Runtime: 100 Minutes
Directors: Tetsuro Araki
Writers: Gen Urobuchi, Naoko Sato, Renji Oki
Voice Stars: Jun Shison, Riria, Alice Hirose, Mamoru Miyano, Yuki Kaji
By Tom Moore
The newest film from Wit Studio (“Attack on Titan”) and director Tetsuro Araki (“Death Note”, “Attack on Titan”), “Bubble” (2022), is a flowing fantasy adventure full of visually epic action taking place in a beautifully realized world.
The film takes viewers into a Tokyo that’s been ravaged by a mysterious cataclysmic event that completely flooded the city. For a city that’s usually compact and bustling with people, it’s pretty wild to see Toyko’s large skyscrapers become crumbling iron islands floating in a seemingly endless ocean and only a few remaining residents, who are mostly considered orphans of the event. There are even some more fantastical elements that essentially detach Tokyo from the rest of the world, including bubbles that linger in the air, deathly vortexes, and shifting gravity fields. Frankly, for most, there wouldn’t be any reason to be in Tokyo while it’s in this state, but those that remain have found a new way to survive amongst the destruction and it’s “Bubble’s” strongest stylistic element.
Frankly, it’s surprising that there aren’t more anime movies or shows that outwardly use parkour for action, but “Bubble” makes excellent use of it. This ruined floating Tokyo is the perfect playground for parkour to thrive and boy does it. With the remaining residents using the destroyed city and their parkour skills for competitive races to earn survival supplies as well as glory, “Bubble” is the perfect parkour anime movie no one knew they wanted, and Wit Studio’s animation creates some mesmerizing action. The flow of movement is just spectacular and the way the environment is used makes the film’s parkour sequences totally thrilling. Crumbling structures and swirling vortexes add dangerous obstacles and up the stakes while the floating bubbles opens new paths to navigate the destroyed city.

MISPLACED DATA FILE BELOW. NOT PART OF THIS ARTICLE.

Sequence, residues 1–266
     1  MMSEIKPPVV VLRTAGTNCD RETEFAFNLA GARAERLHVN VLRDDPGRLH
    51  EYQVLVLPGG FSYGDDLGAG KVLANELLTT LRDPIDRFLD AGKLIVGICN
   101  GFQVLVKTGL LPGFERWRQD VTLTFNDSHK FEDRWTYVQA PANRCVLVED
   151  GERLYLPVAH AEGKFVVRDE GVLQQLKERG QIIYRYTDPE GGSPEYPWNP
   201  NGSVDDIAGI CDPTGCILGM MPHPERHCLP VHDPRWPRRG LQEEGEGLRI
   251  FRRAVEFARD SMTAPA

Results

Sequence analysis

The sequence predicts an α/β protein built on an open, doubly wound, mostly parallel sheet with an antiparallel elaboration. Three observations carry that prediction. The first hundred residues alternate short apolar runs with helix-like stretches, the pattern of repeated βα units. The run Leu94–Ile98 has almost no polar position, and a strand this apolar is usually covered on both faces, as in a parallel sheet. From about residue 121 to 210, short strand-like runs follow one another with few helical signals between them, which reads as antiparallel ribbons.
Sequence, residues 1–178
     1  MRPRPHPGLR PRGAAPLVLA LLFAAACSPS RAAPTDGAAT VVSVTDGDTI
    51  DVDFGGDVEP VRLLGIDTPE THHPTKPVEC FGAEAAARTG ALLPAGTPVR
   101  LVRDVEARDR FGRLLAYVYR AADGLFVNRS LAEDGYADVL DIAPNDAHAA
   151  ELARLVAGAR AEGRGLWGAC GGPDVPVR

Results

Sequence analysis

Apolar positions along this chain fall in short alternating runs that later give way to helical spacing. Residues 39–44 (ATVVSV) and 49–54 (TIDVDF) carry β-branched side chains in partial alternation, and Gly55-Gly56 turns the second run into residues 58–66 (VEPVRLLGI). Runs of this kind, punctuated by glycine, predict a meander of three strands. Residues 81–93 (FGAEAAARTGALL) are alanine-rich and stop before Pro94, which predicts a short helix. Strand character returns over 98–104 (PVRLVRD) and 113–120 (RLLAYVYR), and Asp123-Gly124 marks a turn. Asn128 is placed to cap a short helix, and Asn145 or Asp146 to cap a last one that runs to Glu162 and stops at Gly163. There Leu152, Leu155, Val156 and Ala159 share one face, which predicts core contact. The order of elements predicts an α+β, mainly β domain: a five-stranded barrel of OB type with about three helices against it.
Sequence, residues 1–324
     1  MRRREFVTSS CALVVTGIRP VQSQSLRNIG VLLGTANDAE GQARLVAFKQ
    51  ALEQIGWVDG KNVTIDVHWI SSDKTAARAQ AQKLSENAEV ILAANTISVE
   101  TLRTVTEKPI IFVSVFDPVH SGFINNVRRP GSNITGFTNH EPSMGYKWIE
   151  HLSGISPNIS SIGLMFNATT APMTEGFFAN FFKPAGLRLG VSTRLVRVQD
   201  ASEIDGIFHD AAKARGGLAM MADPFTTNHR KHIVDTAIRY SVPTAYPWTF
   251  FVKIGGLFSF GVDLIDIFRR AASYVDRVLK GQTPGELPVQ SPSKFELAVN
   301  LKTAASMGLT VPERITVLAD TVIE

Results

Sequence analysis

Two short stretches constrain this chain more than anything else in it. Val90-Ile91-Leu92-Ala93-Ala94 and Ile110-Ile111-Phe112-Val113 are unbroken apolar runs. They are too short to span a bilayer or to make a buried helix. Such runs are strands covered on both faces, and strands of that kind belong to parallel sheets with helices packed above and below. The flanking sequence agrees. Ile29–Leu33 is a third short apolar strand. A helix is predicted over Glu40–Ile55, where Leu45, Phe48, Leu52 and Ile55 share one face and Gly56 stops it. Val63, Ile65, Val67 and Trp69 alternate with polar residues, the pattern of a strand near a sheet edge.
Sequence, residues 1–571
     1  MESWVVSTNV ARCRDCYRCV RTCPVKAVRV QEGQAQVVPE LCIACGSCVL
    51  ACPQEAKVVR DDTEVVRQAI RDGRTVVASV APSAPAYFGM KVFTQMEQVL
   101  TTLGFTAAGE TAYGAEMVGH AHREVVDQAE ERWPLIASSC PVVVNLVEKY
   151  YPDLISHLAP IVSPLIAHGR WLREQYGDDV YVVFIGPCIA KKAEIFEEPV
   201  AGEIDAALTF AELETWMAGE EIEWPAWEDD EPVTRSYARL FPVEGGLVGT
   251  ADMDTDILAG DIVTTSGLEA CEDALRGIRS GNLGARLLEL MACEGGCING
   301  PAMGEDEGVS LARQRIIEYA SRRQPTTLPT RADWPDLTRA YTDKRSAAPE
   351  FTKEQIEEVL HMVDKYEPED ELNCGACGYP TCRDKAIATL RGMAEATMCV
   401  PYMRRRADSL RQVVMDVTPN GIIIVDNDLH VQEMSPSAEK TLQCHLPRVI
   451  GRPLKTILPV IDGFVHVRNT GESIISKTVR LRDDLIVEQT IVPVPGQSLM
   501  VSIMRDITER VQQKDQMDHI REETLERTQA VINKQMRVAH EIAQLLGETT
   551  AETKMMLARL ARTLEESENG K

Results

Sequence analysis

Parkour is a versatile tool in “Bubble” that elevates the action and animation to breathtaking levels and serves as a strong introduction to main protagonist Hibiki (voiced by Jun Shison). Although most of the personalities within this parkour world are as lively and energetic as their sport, Hibiki is a quiet loner who still reels from the event that changed his world forever and struggles to connect with his team. He might be quiet, but he’s undoubtedly the most talented and watching him swiftly move through the ruins is astonishing. Things change for everyone though when Hibiki nearly drowns trying to climb the tallest remaining tower in the city but is saved by a mysterious girl he names Uta (voiced by Riria), who harnesses a special power of her own.
While Uta’s presence does allow Hibiki to grow as a character and even brings in some warm comedic elements to overall relationships within Hibiki’s team, the film struggles keep itself consistent. Everything surrounding the parkour action and the team dynamic remains great, especially as a strange rival team forms and tries to take charge. However, “Bubble” also plays with some fantasy romance elements that are too generic and overly reminiscent of other modern anime films. It’s nice how the story of “The Little Mermaid” is tied with Uta’s story, but the themes and meaning behind this connection don’t come across cleanly or have satisfying story moments. Honestly, the film has such a philosophical delivery of its thoughts and ideas that some of them never really stick and while its big final monologue about the beauty of life has some vivid imagery and strong emotion, it doesn’t have cohesive build-up.
Still though, there’s something about Hibiki and Uta’s collective story that works well and ends up tying together in a satisfying way. As Hibiki looks more and more back at that day and Uta’s origins become clearer, the film nicely ties their respective journeys together for a singular arc that provides a great end for both characters. Not to mention, the supporting characters work well within the main narrative and bring some strong humor and heart to certain parts of the story.
“Bubble’s” story and themes might hold together as strongly as its style, but its central viewing experience is well worth your time as its flowing animation, enjoyable characters, and strong world-building come together for an easily memorable watch.